We tend to think about innovation in the context of a business, scientific and technological, yet innovation can be found in other fields that influence our life. Art is one of them. Since innovation and creativity interlinked there is no better way to get inspired than learning from people – artists and professionals – who did things in a different way. Here are five documentary movies to inspire you.
Troublemakers unearths the history of land art in the tumultuous late 1960s and early 1970s. The film features a group New York rebel artists that sought to transcend the limitations of painting and sculpture by producing earthworks on a monumental scale in the desolate desert spaces of the American southwest. Today these works remain impressive not only for the sheer audacity of their makers but also for their out-sized ambitions to break free from traditional norms.
Peggy Guggenheim, heiress to her family fortune, was a colorful character who was not only ahead of her time but helped to define it. Guggenheim was an innovative art collector with unique perspective of the world around her. Though she had no training and even lacked what one pundit calls “innate taste,” she became a major force in the art world. She discovered and rescued Jackson Pollack from a life as a carpenter and helped introduce his artwork to the world. She established one of the first international galleries in New York, mixing American and European art, which by itself was an innovative act.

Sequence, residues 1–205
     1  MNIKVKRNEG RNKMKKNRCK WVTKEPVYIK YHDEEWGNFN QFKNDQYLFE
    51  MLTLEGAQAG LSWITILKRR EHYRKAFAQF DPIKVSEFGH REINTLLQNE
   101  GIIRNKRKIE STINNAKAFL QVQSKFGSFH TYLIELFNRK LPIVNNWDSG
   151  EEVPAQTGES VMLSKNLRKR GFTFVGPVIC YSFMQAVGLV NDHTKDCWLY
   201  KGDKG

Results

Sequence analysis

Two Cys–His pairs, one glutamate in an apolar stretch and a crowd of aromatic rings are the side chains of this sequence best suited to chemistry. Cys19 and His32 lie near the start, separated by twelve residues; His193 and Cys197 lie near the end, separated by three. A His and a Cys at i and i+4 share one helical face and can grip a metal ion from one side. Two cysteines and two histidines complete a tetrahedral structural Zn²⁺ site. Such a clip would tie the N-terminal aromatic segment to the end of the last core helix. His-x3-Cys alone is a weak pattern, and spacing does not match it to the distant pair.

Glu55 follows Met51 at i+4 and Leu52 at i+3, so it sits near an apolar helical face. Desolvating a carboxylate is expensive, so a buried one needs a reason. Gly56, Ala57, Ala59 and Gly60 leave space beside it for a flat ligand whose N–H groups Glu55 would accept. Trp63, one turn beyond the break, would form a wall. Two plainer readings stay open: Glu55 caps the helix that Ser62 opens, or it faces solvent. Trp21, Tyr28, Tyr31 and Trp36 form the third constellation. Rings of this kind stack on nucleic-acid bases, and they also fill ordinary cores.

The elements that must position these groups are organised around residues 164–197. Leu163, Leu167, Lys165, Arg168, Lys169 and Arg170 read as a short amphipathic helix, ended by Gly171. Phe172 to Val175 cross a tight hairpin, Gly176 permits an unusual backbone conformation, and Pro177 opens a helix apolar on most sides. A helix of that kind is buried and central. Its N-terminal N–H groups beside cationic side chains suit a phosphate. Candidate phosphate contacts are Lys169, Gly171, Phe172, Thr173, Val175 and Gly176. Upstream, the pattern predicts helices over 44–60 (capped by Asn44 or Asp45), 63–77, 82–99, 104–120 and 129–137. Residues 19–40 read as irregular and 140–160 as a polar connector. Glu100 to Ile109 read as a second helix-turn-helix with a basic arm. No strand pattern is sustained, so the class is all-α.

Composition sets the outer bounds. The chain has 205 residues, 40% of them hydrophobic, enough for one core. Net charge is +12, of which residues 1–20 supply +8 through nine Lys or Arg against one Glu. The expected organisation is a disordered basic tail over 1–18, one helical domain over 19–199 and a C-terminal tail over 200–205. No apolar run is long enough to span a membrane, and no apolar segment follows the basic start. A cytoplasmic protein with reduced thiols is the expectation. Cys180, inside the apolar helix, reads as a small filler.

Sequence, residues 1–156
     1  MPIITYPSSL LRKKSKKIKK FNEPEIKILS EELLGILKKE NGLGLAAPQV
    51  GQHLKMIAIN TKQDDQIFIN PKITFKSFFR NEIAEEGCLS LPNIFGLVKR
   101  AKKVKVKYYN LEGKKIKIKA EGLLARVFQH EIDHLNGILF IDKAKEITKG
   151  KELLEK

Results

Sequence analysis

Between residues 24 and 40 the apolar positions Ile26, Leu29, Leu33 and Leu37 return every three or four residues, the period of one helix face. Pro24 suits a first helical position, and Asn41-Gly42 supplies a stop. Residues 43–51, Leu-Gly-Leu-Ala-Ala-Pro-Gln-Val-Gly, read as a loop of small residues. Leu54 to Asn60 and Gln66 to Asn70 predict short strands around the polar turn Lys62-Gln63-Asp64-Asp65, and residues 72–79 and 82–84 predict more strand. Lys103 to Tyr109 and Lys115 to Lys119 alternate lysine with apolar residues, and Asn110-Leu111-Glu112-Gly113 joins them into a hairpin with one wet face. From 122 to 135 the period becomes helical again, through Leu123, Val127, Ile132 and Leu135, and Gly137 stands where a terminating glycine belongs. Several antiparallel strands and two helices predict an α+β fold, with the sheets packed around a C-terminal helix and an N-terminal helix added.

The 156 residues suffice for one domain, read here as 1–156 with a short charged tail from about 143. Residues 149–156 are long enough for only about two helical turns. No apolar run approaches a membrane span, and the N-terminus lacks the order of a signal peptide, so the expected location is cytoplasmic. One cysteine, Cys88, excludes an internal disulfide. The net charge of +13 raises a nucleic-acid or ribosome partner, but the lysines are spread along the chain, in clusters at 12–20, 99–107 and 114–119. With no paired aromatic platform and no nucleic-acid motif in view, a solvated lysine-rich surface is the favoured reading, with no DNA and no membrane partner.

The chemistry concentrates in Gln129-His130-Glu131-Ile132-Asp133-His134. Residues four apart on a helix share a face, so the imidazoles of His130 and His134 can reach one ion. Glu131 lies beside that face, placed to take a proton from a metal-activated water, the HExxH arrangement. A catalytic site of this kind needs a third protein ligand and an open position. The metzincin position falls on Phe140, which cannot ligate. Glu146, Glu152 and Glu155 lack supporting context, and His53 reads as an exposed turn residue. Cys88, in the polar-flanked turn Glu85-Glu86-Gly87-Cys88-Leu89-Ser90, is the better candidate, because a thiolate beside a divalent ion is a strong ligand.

Tim’s Vermeer is a documentary film about Tim Jenison’s effort to imulate and duplicate the painting techniques of the 17th-century Dutch painter, Johannes Vermeer. Jenison, an inventor, an engineer and art enthusiast, is the founder of founder of NewTek, a company working in various fields of computer graphics. Jenison became fascinated with the paintings of Johannes Vermeer whose paintings have been oft cited to have a photographic quality to them. In this movie Jenison test his theory that Vermeer painted with the help of optical devices – an innovative way in these days to create his unique painting.
Herb and Dorothy Vogel, a post office clerk and librarian, became unlikely celebrities, working-class heroes in a world of Manhattan elites – all due to their big passion – art. This working-class couple assembled, in just four decades, one of the most important private art collections of the 20th century.
“The Vogels had no formal training in art collecting. They didn’t aspire to open a gallery or work in museums. They bought art the way any amateur collector shops: for the love of the individual pieces and the thrill of a good deal. But you don’t accumulate a priceless collection of anything by accident. Herb and Dorothy developed a methodical system for scouting, assessing, and purchasing art. When it came to mastering their hobby, the Vogels were self-trained professionals. This is how they did it.”
“In his short career, Jean-Michel Basquiat was a phenomenon. He became notorious for his graffiti art under the moniker Samo in the late 1970s on the Lower East Side scene, sold his first painting to Deborah Harry for $200, and became best friends with Andy Warhol. Appreciated by both the art cognoscenti and the public, Basquiat was launched into international stardom. His dense, bebop-influenced neoexpressionist work emerged while minimalist, conceptual art was the fad; as a successful black artist, he was frequently confronted by racism and misconceptions.”